Facebook Will Ban All Cryptocurrency Ads
Looks like Facebook has had enough of bitcoin advice spamming its users’ newsfeeds. The social media giant announced that it will ban all ads promoting cryptocurrencies, initial coin offerings, and other legitimate services. They said it’s to protect users from “financial products and services frequently associated with misleading or deceptive promotional practices.”
The company’s product management director Rob Leathern continued in the blog post by saying, “We want people to continue to discover and learn about new products and services through Facebook ads without fear of scams or deception. That said, there are many companies who are advertising binary options, ICOs and cryptocurrencies that are not currently operating in good faith.”
And the policy will go beyond just Facebook itself. It applies to other Facebook-owned properties and anywhere the company sells ads. This includes Instagram and Audience Network, a third-party system which places ads on various other apps.
This means that iconic and meme-worthy ads like those of “crypto-genius” James Altucher will no longer be seen on a newsfeed.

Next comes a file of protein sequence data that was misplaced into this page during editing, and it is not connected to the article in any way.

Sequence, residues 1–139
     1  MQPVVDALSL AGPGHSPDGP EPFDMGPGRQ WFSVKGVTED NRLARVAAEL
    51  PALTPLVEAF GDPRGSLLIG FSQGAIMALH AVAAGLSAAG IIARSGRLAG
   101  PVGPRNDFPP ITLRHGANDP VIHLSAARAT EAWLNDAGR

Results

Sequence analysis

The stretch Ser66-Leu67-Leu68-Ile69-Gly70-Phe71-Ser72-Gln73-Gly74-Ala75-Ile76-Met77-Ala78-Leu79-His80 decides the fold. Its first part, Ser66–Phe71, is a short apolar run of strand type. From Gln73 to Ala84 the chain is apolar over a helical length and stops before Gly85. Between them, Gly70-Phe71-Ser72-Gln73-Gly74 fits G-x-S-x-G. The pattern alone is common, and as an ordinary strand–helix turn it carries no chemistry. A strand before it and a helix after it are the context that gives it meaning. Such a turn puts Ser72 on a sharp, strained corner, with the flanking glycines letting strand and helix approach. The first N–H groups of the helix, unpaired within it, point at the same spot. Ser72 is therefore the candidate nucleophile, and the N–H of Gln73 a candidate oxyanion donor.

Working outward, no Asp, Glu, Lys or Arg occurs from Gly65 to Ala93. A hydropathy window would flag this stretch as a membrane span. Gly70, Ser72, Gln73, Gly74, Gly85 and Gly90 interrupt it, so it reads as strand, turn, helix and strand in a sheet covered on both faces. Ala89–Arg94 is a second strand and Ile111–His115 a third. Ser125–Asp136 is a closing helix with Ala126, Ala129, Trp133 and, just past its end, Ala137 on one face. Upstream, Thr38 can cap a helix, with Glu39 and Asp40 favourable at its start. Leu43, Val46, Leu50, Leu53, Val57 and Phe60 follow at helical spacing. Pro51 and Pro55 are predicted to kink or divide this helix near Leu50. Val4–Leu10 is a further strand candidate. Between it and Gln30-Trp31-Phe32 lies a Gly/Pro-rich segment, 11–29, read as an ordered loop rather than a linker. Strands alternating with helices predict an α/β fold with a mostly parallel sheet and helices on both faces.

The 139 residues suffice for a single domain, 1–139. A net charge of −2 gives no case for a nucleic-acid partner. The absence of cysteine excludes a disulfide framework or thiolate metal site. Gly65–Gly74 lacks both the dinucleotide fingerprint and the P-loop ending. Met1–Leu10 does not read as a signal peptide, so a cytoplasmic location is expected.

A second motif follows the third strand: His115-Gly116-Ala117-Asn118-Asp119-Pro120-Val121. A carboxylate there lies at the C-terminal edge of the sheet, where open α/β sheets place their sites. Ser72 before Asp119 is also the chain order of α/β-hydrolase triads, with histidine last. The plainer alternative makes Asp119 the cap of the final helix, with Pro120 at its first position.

“This policy is intentionally broad while we work to better detect deceptive and misleading advertising practices,” wrote Leathern in the blog post. “We will revisit this policy and how we enforce it as our signals improve.”
For the most part, social media users applauded Facebook for monitoring these potentially deceptive and destructive ads.
Even those already invested in cryptocurrencies said the decision could be used to their advantage.
There was also the excellent point made that if someone is looking to Facebook for financial advice, cryptocurrency trading and ICOs might not be right for them anyway:
However, given the recent deception within high-profile ICOs and advertising strategies, Facebook has reason to make the change. Most notably, Arisebank — the decentralized bank — ran into serious regulation issues when the company claimed it had already raised $600 million in its ICO. The claim caught the attention of the US Securities and Exchange Commission, and the organization alleged that Arisebank was “an outright scam.” They made false claims, used celebrity endorsement without consent, and called itself a bank without actually going through the FDIC approval process to become a legitimate bank.
Ultimately, it seems that Facebook is just trying to play it safe — both on their end and for its users.